Spring crops afford more time for cultural measures, but black-grass control within them can be a challenge due to more limited chemical options, he adds. Spring barley offers some of the best options through products such as Avadex (tri-allate), Liberator (diflufenican + flufenacet) and Crystal (flufenacet + pendimethalin), whereas options in spring wheat are fewer.

Mr Drinkwater says spring crops need to be chosen carefully, as those with more open canopies (such as potatoes, sugar beet, peas and beans) are less competitive against black-grass. He also suggests moves to more spring cropping could select-for spring-germinating populations

4. Is there statistical evidence of changing black-grass germination patterns?

Anecdotal evidence suggests more spring cropping could favour spring-germinating black-grass, but Mr Hull says there is currently no scientific evidence to support such a shift in emergence patterns.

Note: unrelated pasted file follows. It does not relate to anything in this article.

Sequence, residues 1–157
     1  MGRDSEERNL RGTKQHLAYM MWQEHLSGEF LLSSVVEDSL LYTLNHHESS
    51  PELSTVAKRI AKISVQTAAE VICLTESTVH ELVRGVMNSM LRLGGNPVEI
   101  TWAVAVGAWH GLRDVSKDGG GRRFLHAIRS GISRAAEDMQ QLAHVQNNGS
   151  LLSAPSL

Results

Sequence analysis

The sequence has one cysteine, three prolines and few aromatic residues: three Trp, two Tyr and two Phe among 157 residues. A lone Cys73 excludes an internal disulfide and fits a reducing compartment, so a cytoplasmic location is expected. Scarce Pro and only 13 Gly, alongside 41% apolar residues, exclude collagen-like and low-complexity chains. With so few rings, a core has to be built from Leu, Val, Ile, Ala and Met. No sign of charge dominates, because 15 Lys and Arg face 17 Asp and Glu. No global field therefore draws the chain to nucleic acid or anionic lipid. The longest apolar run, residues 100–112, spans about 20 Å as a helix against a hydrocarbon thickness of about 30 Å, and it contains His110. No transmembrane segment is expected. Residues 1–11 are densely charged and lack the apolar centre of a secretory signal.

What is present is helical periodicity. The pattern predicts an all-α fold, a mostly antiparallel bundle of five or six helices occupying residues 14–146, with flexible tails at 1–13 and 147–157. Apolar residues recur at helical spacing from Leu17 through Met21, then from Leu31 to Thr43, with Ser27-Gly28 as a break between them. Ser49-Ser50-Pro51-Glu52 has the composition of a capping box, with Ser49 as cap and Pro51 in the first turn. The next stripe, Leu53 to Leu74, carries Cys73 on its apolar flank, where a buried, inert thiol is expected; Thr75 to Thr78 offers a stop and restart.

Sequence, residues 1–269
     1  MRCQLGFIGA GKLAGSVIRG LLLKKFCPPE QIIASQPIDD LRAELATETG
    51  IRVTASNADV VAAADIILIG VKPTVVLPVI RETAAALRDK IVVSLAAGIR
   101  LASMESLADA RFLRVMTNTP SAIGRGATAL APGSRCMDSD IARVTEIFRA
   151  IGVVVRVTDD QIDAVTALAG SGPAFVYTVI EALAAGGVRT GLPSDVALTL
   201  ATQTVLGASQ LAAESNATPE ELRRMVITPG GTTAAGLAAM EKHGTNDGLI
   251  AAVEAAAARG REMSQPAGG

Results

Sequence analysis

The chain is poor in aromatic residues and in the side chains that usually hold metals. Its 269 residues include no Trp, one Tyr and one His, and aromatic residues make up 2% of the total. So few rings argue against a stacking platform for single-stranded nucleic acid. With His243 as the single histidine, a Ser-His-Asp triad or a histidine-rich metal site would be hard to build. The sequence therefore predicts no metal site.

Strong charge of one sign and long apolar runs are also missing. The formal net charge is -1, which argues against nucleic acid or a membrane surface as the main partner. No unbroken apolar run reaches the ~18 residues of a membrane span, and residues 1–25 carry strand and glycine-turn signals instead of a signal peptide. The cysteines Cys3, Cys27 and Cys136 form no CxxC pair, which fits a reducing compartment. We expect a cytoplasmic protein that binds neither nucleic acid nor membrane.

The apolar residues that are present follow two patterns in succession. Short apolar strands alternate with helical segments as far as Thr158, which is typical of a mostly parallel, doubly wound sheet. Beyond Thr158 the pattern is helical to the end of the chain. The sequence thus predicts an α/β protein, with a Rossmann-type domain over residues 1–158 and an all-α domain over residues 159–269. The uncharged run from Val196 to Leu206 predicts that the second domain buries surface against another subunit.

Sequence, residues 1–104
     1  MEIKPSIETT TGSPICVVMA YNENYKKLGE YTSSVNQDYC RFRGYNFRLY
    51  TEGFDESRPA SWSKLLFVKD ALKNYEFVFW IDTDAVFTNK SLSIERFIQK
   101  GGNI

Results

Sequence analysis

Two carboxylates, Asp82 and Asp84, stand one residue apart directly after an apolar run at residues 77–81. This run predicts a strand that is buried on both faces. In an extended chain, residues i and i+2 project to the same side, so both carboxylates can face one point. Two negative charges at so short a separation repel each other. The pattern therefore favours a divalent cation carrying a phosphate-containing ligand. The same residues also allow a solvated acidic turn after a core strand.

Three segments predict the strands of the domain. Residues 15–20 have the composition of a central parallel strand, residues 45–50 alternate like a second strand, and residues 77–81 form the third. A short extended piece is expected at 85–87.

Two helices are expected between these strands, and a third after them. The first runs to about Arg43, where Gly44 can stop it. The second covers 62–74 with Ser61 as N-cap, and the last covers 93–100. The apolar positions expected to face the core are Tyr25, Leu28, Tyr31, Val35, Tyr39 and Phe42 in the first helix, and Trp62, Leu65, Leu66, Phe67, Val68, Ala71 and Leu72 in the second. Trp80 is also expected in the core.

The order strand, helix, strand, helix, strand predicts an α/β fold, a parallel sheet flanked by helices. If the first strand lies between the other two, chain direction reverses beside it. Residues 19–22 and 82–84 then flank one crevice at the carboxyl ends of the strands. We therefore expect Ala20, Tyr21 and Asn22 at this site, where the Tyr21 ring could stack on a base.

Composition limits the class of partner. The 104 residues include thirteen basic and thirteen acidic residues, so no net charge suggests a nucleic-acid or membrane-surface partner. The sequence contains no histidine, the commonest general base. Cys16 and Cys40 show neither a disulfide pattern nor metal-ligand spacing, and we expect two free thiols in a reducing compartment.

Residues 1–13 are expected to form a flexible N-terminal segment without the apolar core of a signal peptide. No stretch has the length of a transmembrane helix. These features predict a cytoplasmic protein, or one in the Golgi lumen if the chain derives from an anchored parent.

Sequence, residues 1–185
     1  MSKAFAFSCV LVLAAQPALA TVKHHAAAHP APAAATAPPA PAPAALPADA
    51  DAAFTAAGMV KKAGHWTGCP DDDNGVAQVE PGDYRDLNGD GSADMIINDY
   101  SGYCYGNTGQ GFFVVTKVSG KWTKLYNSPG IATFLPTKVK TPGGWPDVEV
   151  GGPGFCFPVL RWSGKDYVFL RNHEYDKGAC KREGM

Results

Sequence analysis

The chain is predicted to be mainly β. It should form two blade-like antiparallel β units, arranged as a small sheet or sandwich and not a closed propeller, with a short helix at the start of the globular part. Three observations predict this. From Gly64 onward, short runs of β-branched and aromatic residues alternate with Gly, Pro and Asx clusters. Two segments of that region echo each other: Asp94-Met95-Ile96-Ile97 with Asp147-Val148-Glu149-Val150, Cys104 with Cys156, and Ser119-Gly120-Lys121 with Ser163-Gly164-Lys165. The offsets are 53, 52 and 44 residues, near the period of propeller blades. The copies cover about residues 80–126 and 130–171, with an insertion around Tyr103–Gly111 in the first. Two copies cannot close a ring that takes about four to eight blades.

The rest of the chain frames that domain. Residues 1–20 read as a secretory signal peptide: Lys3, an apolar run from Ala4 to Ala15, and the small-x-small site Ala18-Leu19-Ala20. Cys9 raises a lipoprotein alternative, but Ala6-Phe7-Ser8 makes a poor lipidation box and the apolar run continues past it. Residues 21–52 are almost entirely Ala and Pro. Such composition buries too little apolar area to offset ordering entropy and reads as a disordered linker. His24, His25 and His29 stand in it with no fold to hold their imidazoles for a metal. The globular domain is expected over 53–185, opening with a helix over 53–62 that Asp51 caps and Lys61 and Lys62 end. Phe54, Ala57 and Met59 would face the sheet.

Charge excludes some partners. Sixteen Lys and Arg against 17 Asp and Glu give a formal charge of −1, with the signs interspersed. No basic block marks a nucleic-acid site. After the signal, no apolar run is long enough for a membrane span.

Black-grass remains a predominantly autumn germinating weed, with around 90% typically germinating before Christmas, he adds.

However, he acknowledges it is logical that more spring cropping could select-for spring-emerging populations. “Black-grass is a very adaptable weed.”

5. What is the likelihood of resistance to flufenacet?

Like all residual herbicides, flufenacet is at relatively low risk of developing herbicide resistance and therefore remains a cornerstone of many black-grass control strategies, Mr Hull says.